Never forget that negotiations by their very nature require substantial communications between both parties and their attorneys. Communication can help solve problems and help parties get to the crux of the matter.
In many cases, this requires communication between you and your spouse. Being transparent, communicating, and trying to work out terms of a settlement can be helpful and lead to an amicable resolution. Sometimes, however, you and your spouse may have mistrust for each other or emotional problems that make negotiations impossible or impractical. In that case, it’s wise to let the attorney speak for you in advance of mediation to find common interests upon which to build a settlement resolution.
Remember that focusing on the problem at hand is always more valuable than focusing on the person. It is common during a divorce that there are emotional issues tied into your relationship with the other person. Try to separate the problem from the actual person, and allow yourself to objectively focus on what needs to be done and how.
Remember the proverbial children who quarreled over an orange. After they finally decided to cut the orange in half, the first child took one half, ate the orange, and threw away the peel. The second child threw away the fruit, and used the orange peel to bake a cake.
Don’t assume your divorce is a zero-sum game whereby a dollar to your spouse is one less dollar to you. Look for the win-win.
Consider the alimony case where at first glance the 53-year-old husband’s goal seems to be to pay the least amount of alimony possible, and the 43-year-old wife’s goal seems to be to receive the most amount of alimony possible for as long as possible.
But let’s look a little deeper and flesh this out.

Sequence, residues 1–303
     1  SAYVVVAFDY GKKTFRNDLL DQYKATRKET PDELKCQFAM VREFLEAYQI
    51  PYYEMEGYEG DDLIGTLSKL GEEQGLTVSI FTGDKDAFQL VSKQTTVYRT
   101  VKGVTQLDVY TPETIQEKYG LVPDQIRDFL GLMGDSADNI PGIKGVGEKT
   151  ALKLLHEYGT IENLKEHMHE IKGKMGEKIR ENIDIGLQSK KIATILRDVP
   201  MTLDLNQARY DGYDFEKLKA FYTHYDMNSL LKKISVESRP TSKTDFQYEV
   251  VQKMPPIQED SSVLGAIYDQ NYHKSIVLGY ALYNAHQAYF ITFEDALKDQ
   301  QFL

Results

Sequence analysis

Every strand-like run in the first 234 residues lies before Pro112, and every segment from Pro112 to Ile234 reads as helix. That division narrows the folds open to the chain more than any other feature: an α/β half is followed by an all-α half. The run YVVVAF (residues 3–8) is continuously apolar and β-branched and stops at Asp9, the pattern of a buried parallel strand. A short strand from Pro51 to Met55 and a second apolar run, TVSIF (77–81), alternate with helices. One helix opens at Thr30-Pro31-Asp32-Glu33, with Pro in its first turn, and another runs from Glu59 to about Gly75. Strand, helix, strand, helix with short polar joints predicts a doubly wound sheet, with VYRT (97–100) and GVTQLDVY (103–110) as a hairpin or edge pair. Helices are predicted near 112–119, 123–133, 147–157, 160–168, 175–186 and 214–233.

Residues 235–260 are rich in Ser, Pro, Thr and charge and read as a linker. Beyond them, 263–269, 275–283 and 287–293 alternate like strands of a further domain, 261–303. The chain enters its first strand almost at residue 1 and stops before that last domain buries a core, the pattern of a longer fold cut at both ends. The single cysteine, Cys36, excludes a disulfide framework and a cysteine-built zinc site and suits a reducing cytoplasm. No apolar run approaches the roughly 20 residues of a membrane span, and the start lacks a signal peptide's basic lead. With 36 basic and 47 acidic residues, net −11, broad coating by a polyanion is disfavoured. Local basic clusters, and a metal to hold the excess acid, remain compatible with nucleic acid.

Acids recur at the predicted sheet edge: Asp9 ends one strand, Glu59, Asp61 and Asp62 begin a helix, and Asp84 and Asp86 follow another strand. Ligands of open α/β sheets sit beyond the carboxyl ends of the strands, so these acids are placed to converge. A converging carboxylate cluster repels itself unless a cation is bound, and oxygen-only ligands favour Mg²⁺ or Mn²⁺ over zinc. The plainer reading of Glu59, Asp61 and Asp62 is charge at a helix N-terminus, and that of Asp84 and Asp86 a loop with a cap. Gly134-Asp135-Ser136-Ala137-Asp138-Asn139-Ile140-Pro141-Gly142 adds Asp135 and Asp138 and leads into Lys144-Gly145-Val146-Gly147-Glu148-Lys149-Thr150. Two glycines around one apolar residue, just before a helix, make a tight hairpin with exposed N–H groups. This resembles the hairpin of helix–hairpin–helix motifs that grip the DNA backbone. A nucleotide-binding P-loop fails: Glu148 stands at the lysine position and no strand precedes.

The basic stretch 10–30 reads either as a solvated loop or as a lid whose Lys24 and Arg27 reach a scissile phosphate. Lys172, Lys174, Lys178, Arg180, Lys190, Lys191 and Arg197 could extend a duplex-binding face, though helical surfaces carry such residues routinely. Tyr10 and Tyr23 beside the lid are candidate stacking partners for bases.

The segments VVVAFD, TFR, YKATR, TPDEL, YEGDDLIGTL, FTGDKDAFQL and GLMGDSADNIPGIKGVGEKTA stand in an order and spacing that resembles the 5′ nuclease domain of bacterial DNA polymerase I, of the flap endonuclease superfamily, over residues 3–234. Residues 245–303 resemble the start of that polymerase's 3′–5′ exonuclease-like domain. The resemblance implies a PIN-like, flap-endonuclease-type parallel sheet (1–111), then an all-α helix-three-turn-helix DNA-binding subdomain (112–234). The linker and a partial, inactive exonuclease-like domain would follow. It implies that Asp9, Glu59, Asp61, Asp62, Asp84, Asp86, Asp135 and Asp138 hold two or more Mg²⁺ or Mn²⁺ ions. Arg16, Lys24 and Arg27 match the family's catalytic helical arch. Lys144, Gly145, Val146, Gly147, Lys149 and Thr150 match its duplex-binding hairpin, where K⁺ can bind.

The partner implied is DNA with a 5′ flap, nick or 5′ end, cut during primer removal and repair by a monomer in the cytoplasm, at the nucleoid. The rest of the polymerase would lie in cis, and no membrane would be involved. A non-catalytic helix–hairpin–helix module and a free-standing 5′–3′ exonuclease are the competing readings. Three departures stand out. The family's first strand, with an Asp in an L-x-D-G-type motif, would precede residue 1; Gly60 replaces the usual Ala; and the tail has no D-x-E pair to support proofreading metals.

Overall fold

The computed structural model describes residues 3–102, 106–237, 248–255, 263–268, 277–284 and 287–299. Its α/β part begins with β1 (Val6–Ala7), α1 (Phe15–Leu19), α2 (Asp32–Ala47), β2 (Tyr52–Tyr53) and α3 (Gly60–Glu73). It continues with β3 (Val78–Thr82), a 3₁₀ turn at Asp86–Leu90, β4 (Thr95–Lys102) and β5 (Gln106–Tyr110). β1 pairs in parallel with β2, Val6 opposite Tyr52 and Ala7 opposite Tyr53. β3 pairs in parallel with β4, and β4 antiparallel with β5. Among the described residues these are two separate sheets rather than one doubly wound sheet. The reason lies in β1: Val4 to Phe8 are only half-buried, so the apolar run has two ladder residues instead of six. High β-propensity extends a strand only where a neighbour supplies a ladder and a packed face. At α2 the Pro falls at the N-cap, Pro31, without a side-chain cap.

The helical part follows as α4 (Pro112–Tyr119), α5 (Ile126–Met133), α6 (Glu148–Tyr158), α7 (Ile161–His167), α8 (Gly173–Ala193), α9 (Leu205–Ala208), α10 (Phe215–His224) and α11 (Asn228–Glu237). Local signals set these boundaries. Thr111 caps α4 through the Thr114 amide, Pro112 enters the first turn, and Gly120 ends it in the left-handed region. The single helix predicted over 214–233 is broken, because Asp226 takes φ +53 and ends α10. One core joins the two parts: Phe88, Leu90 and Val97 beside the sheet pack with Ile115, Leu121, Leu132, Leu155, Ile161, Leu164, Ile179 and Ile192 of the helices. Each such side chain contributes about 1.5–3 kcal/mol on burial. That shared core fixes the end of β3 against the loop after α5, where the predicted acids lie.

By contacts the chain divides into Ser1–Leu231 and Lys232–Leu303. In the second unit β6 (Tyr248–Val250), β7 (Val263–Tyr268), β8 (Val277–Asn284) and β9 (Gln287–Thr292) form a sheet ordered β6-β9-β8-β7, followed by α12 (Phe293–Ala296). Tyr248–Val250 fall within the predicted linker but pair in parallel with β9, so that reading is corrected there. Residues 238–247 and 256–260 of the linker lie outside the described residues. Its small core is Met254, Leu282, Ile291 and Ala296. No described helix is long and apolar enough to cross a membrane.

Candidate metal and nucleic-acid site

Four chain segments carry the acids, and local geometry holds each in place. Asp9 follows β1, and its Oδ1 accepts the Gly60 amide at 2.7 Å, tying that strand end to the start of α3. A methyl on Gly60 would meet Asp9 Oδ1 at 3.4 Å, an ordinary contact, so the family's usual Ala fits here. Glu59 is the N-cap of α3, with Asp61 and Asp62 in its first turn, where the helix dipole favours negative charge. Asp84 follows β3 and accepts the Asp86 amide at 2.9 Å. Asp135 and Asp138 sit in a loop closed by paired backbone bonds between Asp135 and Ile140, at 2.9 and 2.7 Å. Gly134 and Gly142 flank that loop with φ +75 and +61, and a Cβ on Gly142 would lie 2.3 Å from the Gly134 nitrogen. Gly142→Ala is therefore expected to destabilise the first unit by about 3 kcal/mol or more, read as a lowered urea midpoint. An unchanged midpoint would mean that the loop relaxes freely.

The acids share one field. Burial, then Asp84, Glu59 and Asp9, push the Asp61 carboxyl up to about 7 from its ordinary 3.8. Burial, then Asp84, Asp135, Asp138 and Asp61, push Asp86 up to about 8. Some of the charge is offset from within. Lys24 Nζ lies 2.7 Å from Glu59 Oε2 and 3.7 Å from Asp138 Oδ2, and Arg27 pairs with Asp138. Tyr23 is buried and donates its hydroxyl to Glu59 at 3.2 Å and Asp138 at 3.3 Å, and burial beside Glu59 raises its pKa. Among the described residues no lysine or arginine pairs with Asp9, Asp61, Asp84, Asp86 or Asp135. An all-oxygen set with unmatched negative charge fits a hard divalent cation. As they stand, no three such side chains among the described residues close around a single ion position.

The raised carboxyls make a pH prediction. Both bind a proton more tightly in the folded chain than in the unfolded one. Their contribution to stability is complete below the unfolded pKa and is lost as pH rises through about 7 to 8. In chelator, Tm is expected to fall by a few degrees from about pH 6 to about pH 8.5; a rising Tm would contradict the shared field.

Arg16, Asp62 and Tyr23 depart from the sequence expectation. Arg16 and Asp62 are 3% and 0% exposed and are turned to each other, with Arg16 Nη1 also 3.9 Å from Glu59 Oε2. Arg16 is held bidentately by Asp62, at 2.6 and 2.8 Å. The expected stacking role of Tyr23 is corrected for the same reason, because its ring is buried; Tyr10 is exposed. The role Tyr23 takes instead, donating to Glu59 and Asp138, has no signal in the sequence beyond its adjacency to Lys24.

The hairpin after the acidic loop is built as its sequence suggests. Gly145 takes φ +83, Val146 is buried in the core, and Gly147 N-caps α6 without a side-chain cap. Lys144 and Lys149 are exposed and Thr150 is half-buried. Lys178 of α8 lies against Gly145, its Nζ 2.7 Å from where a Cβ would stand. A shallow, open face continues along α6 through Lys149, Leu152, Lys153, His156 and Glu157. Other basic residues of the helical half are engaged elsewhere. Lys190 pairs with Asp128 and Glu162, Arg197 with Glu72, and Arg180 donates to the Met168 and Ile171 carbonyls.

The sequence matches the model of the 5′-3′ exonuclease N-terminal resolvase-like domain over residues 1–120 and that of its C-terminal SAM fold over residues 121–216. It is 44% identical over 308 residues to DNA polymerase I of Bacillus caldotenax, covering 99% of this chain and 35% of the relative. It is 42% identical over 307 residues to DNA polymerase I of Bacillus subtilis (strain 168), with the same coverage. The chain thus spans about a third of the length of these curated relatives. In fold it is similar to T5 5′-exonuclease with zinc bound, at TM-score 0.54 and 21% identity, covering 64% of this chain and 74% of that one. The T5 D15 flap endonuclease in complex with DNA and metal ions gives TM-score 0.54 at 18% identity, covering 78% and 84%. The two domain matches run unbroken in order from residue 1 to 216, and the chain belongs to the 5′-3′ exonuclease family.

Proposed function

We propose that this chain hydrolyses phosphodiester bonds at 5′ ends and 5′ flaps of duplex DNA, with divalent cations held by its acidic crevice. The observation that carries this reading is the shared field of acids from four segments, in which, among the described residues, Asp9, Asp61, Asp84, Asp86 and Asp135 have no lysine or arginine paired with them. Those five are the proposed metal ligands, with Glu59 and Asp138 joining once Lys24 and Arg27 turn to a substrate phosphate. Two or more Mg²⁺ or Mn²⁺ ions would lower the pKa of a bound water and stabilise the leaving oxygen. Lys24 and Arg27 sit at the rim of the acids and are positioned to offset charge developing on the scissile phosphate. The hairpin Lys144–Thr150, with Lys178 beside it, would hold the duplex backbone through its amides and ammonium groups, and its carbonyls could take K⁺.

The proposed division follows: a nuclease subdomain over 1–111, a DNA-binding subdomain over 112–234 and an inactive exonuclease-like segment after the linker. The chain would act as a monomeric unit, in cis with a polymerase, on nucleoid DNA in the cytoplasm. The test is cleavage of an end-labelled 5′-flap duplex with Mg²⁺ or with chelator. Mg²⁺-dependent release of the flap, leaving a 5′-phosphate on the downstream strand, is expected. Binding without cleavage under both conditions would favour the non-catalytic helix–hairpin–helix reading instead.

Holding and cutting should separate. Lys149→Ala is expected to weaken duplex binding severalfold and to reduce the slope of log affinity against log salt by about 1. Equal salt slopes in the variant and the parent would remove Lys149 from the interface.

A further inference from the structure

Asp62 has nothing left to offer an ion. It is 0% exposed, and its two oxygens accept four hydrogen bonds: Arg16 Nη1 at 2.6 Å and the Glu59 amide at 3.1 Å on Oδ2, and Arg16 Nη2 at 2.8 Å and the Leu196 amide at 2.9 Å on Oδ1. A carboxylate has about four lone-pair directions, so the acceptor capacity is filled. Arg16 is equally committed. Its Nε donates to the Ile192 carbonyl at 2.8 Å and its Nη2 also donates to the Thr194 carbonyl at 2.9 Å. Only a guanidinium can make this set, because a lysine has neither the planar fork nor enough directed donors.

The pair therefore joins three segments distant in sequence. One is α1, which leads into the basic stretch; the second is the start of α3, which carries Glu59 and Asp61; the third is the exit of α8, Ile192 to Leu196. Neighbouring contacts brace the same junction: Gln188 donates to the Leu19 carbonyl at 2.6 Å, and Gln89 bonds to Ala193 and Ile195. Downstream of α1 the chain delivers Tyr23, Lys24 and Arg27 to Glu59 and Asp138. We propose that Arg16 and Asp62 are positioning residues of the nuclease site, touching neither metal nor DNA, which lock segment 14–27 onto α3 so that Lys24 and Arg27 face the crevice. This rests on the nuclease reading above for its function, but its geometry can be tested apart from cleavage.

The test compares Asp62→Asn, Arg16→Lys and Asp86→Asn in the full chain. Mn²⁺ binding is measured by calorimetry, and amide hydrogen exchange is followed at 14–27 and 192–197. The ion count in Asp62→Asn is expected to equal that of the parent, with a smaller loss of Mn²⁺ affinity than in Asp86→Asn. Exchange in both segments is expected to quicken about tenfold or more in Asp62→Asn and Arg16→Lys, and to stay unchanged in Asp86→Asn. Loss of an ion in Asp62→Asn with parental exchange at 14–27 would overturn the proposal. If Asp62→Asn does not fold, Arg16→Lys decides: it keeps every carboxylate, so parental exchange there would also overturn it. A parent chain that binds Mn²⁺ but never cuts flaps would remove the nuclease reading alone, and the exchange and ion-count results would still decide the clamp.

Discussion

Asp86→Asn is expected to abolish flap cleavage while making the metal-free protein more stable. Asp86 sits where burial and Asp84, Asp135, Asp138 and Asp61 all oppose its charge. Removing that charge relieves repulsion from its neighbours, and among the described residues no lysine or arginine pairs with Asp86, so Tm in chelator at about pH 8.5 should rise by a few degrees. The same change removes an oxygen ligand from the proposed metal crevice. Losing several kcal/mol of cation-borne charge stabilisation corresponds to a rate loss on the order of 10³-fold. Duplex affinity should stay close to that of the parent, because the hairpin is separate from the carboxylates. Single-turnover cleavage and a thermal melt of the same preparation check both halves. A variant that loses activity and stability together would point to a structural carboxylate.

Perhaps the husband’s real goal is to reduce his workload and travel before he’s too old to enjoy it.
Thus, perhaps the wife recognizes that the husband is flaky about work. She is worried that he might quit his job, or otherwise end up unemployed. Thus her real goal might be to increase her chances of collecting the alimony money so she is not worried about living paycheck to paycheck.
Knowing these goals, it seems that there is a win-win resolution that might help both parties. For example, the parties could make a property settlement that agrees to an unequal distribution of other marital property in favor of the wife. This would mean that the husband wouldn’t have that monthly annuity he’d have to pay to the wife and his expenses on a monthly basis would be smaller. He would be free to travel.
The wife would see a benefit in knowing that the money would come to her upfront, instead of waiting to see what happens with the husband. In this scenario, the wife may be happy to take a discount on the dollar amount because cash in hand is more valuable to her. Or perhaps the parties agree to a shorter term of alimony, but the husband stipulates and agrees that it will be non-modifiable — he will be on the hook to pay the alimony even if he loses his job or later becomes underemployed.
In either case, there can be a win-win solution that effectuates the interests of both parties, whether there’s an equitable distribution or not.